> Haydee attended the University of Illinois where she was an outspoken
> defender of Latino students' rights. Haydee was forced underground in 1976
> and was captured April 4, 1980. She has been sentenced to life in prison
> charges including seditious conspiracy. Haydee was the first POW to
> a life sentence. She was kept in total isolation from the other prisoners
> war and was transferred to a special control unit which limited visits. It
> was a year before she was allowed to see her family.
> At the MCC in Chicago, she was classified as "no visitors allowed". Haydee
> was subject to physical abuse in interrogations for refusing to implicate
> her comrades in unfounded crimes. This was done several times by FBI and
> other government agents. These and other inhumane acts by the U.S.
> government have led to serious injuries which prison medical directors
> misdiagnosed; also, Haydee has received injections of unknown medications.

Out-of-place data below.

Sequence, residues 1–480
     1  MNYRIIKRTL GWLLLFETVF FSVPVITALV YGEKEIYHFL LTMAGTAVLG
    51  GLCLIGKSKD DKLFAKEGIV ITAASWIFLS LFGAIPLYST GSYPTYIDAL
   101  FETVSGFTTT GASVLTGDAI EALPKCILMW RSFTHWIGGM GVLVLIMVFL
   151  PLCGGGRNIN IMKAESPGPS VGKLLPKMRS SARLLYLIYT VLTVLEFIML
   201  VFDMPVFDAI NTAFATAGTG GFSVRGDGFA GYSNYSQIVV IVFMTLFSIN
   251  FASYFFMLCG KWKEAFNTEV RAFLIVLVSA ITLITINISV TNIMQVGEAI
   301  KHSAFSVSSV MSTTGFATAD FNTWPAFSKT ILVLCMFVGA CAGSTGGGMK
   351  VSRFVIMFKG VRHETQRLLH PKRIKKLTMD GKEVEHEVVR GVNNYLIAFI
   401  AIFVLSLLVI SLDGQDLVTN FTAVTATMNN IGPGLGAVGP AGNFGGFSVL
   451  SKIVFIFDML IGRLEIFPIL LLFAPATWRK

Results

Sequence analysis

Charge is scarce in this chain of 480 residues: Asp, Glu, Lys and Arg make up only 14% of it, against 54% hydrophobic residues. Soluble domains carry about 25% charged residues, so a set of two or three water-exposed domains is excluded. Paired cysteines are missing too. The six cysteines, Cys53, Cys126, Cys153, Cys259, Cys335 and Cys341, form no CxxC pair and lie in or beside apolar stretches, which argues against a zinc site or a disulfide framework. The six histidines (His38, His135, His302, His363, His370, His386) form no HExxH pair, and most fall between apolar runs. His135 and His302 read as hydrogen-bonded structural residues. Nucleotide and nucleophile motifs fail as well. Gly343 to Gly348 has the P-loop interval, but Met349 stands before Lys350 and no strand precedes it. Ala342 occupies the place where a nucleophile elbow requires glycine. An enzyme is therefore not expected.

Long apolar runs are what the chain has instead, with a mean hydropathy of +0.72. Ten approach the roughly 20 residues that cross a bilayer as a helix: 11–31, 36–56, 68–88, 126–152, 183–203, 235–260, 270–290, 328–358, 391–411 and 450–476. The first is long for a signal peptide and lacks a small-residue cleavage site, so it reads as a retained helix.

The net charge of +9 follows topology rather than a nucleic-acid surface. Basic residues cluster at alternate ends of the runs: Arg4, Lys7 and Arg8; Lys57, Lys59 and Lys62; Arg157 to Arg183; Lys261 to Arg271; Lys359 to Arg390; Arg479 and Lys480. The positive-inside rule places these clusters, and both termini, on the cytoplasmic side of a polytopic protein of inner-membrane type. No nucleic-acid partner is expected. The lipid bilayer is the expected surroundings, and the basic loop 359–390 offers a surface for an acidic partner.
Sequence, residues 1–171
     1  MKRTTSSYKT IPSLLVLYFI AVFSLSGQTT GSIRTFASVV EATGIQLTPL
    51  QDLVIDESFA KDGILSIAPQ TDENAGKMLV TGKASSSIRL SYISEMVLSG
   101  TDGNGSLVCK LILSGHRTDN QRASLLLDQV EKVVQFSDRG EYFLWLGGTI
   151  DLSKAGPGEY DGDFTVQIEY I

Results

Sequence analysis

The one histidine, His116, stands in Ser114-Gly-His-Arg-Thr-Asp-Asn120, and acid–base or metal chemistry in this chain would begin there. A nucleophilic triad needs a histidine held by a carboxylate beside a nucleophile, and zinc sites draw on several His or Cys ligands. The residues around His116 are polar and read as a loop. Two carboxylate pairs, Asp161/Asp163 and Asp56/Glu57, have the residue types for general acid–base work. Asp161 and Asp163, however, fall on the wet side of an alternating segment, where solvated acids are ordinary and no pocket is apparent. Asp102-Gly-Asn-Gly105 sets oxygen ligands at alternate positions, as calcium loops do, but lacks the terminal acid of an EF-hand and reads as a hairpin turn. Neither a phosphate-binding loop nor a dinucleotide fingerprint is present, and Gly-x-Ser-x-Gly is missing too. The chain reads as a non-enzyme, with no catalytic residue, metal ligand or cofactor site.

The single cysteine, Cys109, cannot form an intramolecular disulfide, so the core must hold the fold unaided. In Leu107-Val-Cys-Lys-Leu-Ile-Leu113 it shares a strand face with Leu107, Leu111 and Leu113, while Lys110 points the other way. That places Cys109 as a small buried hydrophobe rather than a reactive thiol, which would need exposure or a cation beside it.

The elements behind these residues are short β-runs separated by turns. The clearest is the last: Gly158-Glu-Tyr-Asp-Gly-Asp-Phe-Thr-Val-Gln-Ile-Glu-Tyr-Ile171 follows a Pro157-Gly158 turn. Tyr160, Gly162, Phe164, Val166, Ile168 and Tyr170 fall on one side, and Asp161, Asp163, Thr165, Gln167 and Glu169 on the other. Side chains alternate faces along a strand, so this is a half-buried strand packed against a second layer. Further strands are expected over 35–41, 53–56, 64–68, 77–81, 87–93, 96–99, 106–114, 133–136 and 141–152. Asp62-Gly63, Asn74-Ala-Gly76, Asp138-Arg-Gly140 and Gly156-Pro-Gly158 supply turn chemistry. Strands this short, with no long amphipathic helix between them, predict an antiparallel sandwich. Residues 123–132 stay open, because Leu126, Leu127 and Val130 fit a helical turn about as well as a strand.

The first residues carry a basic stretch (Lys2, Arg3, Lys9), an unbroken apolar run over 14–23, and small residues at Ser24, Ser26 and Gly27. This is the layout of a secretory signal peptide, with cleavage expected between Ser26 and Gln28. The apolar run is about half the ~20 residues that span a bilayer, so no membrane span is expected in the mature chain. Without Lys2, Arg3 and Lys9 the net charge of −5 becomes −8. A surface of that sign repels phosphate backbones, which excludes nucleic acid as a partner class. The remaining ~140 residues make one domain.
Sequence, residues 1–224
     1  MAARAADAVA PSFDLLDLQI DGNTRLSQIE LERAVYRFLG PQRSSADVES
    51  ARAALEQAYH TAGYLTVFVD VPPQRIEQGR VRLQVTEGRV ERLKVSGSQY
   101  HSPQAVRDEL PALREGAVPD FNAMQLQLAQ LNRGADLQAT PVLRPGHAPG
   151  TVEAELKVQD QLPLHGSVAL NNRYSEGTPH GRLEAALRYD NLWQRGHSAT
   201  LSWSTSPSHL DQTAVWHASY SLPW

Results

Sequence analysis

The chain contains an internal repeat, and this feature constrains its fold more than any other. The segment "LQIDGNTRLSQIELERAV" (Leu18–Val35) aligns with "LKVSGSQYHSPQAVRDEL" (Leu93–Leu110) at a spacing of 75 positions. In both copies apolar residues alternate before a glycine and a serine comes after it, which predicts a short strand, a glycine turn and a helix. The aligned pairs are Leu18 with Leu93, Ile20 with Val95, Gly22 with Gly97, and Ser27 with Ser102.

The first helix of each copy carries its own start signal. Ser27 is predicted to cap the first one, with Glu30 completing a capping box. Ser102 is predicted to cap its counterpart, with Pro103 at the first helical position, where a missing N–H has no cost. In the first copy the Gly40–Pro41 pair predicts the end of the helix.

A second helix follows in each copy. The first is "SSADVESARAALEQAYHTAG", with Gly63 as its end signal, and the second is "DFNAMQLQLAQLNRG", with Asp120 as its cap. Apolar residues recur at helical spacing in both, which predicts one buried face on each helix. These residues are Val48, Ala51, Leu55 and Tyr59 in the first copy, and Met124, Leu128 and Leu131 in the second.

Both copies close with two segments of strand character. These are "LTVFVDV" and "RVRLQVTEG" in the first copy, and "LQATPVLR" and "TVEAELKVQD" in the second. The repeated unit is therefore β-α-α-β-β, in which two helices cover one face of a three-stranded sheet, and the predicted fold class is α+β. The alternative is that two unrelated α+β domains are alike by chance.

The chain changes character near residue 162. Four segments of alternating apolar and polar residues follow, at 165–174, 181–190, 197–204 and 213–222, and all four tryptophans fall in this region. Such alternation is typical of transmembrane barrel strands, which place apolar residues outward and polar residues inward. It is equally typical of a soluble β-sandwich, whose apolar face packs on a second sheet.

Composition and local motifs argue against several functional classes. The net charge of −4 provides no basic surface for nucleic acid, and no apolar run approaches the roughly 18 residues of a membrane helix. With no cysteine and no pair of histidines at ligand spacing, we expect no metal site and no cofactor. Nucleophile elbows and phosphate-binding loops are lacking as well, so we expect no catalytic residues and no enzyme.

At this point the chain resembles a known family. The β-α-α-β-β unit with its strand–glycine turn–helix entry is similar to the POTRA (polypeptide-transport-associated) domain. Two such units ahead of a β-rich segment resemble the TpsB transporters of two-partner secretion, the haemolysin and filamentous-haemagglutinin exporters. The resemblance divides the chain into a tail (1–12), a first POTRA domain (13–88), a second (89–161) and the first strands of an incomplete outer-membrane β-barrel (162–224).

> Jose Perez Gonzalez was born in Ponce, Puerto Rico on January 14th, 1968;
> is the son of a butcher and his mother is retired government worker. He is
> married with three children. He is a member of Mayaguezano por La Salud y
> Ambiente. He is well known in his neighborhood, of Barrio Segundo in
> He is a family man with three children. He was a civil disobedient and
> served three months in jail for his support activities. Jose was the only
> member of the Vieques 12 who went to trial. He was found guilty and was
> sentenced to five years in jail. His release is 1/17/2008.